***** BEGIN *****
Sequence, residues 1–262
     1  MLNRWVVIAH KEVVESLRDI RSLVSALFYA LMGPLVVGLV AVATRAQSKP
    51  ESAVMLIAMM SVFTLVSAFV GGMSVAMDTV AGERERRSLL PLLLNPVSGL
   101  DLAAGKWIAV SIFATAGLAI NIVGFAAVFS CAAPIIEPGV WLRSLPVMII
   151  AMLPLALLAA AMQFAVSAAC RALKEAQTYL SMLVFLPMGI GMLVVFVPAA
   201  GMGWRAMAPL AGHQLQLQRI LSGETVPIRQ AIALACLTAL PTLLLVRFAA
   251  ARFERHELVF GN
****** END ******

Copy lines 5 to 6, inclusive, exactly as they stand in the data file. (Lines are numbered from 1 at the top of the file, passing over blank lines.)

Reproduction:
   151  AMLPLALLAA AMQFAVSAAC RALKEAQTYL SMLVFLPMGI GMLVVFVPAA
   201  GMGWRAMAPL AGHQLQLQRI LSGETVPIRQ AIALACLTAL PTLLLVRFAA